27. These comments move us toward the realm of peace action. That heading would include a great variety of peace-making and justice-doing activities: conscientious objection to military service, community development projects, programs dealing with sexual abuse and domestic violence, anti-war toy campaigns, civil disobedience, mediation and conciliation programs, nonviolent direct action, community peace centers, witness to various levels of government, tax resistance, draft refusal, Christian Peacemaker Teams projects, acts of public witness against militarism, etc. The spectrum includes all kinds of things from traditional to radical, from individual acts to highly organized group efforts.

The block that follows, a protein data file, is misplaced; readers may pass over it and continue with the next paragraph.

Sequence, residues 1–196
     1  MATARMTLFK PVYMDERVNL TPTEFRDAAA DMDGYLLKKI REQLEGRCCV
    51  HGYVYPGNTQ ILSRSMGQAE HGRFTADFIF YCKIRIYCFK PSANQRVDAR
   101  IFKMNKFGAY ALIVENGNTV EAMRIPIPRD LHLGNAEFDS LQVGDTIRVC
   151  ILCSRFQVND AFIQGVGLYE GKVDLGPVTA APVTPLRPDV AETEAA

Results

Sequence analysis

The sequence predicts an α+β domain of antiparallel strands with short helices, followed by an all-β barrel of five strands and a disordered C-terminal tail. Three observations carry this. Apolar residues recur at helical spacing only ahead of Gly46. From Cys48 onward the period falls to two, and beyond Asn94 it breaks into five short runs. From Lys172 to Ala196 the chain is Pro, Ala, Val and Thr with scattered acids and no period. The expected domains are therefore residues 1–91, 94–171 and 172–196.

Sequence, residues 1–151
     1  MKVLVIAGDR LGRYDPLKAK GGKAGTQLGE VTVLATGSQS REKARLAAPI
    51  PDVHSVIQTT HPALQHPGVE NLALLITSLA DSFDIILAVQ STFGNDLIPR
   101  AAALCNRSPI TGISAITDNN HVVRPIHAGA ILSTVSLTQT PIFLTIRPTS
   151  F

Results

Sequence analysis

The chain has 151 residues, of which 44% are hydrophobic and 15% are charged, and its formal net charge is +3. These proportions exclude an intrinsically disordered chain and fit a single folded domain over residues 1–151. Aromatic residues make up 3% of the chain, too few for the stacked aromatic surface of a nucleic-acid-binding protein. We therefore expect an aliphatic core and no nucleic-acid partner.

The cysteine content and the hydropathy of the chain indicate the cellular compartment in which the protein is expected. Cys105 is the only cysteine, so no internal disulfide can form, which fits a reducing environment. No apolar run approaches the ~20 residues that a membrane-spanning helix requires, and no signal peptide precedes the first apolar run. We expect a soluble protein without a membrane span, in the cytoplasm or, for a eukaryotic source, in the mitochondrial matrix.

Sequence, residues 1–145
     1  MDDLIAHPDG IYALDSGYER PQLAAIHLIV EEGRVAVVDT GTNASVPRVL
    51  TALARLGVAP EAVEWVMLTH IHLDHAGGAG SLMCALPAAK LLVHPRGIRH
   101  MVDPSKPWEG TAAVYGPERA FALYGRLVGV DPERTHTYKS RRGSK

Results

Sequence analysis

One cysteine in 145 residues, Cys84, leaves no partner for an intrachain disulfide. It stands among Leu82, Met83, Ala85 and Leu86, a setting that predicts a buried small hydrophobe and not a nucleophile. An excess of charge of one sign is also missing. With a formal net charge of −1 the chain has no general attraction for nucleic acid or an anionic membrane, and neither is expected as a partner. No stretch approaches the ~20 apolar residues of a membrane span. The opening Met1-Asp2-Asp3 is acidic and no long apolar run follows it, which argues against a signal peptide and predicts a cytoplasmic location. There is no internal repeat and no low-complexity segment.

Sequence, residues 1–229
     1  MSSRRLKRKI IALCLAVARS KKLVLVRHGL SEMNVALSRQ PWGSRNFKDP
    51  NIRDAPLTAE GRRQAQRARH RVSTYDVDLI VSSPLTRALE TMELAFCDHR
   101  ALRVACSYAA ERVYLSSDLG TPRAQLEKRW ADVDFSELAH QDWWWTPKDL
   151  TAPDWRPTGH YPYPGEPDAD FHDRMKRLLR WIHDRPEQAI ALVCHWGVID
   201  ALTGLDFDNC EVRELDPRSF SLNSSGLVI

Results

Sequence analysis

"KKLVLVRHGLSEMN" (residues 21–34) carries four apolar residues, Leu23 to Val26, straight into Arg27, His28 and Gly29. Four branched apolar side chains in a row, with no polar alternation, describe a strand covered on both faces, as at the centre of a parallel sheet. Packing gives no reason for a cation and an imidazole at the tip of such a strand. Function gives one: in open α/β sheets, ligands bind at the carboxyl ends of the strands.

28. The breadth and scope of possible peace action can be overwhelming, but let’s be clear that this whole agenda is not the responsibility of each and every congregation. We need to sort out the appropriate peacemaking activities for particular settings. What sorts of activities would seem essential to the witness of a particular local congregation? What is more appropriately carried out by conference or denominational groups, or by MCC staff? Which tasks are best done by special committees or organizations such as CPT or the Peace Tax Fund?